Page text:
Testicular pain may be chronic or sharp; may be felt in one or both the testicles depending on the cause. There are several reasons that can lead to pain in testicles including testicular torsion, epididymitis, orchitis, injury or trauma, inguinal hernia, growth of lumps or tumors, kidney stones etc. Diagnosis includes physical examination followed by some imaging tests. Treatment depends on the root cause of the problem and may be treated with antibiotics or surgery as needed.
In our previous article, you may have read about the possible causes of testicular pain, if you haven’t you may visit the following article and then continue reading this one.
In short, testicular pain may be felt in one or both testicles and can be a result of several medical conditions such as infection, tumor, inguinal hernia, testicular torsion, injury or trauma etc. If you have any type of testicular pain, it is always advisable to see a good sexologist because sometimes, it may indicate an underlying serious medical condition.
Diagnosis of Testicular Pain
When you present yourself to your sex specialist, the first he/she would do to you is a physical examination of your testicles. An experienced sexologist can easily feel any lumps or tumors in the area. If no condition is obvious through physical examination, he/she may ask to go for certain tests. Such laboratory tests and imaging tests include:
- Blood test
- Penile discharge (if any) will be collected using a swab and sent to lab for analysis.
Imaging tests may be asked by your doctor to see more details about testicular torsion, if he/she suspects one. Such imaging tests include:
- Radionuclide imaging
- CT Scan or a kidney/ureters/bladder x ray.
Treatment of testicular pain
Treatment of testicular pain depends on the diagnosis and the root cause identified by your sexologist.
1. Treatment for Testicular torsion
If your doctor determines that your testicle(s) is/are twisted and is the cause of pain in your scrotum, surgery is most appropriate option. During the surgery, the twisted testicle is untwisted and is fastened to the scrotum so that it doesn’t twist again. At the same time, the condition of other testicle is checked and if your doctor feels that the other one may also twist in future (due to ‘bell clapper abnormality’), that testicle will also be fastened to the wall of scrotum.
In some cases, your doctor may untwist the testicle and can get rid of the symptoms without needing a surgery but this doesn’t warrant against the condition repeating. Ultimately surgery is the final option when it is the case of testicular torsion. The sooner the testicle is untwisted, the better it is because, the blood flow is restored and the testicle will soon become functional like before.
2. Epididymis treatment
The infection in testicle is treated with antibiotics. You need to take enough rest and may need to put up an elevation support for the scrotum. Typically this is an out-patient procedure. In case of complicated cases of epididymitis, hospitalization may be necessary.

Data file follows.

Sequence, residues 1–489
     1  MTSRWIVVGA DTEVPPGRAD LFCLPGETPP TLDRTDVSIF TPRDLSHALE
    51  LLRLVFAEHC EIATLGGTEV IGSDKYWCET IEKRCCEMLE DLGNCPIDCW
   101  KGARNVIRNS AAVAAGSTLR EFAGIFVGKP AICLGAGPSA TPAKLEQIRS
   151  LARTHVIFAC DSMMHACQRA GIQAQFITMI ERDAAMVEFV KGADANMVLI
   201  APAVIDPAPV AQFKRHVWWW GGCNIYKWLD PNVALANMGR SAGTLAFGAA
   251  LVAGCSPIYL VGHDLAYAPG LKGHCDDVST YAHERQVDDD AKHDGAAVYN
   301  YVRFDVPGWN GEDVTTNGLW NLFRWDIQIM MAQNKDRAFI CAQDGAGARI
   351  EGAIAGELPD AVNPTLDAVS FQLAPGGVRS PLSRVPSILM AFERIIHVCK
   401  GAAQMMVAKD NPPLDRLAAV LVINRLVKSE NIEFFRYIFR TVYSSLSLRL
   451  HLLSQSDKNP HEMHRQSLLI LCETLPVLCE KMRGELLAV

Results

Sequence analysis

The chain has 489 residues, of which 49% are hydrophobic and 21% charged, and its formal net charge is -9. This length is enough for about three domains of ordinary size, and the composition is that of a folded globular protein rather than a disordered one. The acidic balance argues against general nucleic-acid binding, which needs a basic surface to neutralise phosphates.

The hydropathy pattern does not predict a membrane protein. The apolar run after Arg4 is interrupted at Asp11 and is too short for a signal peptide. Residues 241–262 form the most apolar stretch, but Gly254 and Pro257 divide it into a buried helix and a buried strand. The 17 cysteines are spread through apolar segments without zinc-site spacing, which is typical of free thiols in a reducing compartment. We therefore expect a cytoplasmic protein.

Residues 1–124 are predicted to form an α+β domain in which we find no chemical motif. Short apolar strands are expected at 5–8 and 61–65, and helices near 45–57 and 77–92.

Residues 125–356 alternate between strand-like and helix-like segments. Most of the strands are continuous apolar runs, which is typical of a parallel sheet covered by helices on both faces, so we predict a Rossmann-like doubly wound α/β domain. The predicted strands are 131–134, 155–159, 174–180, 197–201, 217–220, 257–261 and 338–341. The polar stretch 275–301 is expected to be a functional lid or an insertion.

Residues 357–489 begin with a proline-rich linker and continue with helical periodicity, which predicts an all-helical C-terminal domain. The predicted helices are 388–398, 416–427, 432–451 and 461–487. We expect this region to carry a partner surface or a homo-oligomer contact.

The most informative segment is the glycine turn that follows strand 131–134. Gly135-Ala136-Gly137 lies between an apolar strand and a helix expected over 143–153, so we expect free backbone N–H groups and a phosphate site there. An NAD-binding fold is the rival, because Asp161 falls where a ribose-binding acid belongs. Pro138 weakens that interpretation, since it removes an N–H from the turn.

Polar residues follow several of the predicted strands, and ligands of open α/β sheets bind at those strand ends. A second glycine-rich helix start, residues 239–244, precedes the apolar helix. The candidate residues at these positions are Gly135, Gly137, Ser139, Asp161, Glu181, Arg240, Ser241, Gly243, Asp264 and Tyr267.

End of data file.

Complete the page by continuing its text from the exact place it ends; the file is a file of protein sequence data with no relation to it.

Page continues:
3. Kidney Stone Treatment
If the testicular pain is due to the radiation of pain from the kidney due to the presence of kidney stones, treatment of kidney stones is done to get rid of the pain in testicles.
If the stones are small, your doctor may advise lifestyle changes along with drinking lot of water. If the stones are large, different treatment options such as breaking of the stones in the kidney with energy waves (radio waves or laser) or direct surgical removal of the stone from the kidney
4. Treatment of tumor is testicle
If the testicular pain is due to the presence/growth of testicle tumors, a piece of testicle tissue is sent for biopsy to determine if they are benign or cancerous. If a cancer tumor is found, then you will be referred to the oncology department for treatment of testicular cancer, if not, the tumor may be surgically removed.
5. Treat in cases of Injury or trauma to testicles
Your doctor will determine the extent of injury occurred to the testicle. If the injury is small or very light, anti-inflammatory medicines and pain killers will be prescribed. If it is a rupture, surgical intervention may be necessary to preserve the functionality of the testicle. Surgery may also be required when your doctor detects blood clots or if the testicles are dislocated.
6. Inguinal hernia treatment
If your doctor feels that you are fit for a surgery, inguinal hernia will be treated with a surgery. Surgery is the only right way to treat testicular pain caused due to the descended intestines. Otherwise, your doctor may just try to push the intestines up, which may not work always.
The gap opened in the abdomen has to be closed because; the chances of intestines (even after pushing back) descending into the scrotum are high. They may strangulate and cut off the blood supply to the intestines.
7. Treatment for Orchitis
Treatment for Orchitis depends on the type of infection. Antibiotics, pain medicines and anti-inflammation medicines will be the first line of approach to treat the infection. Scrotal support and ice packs may be advised.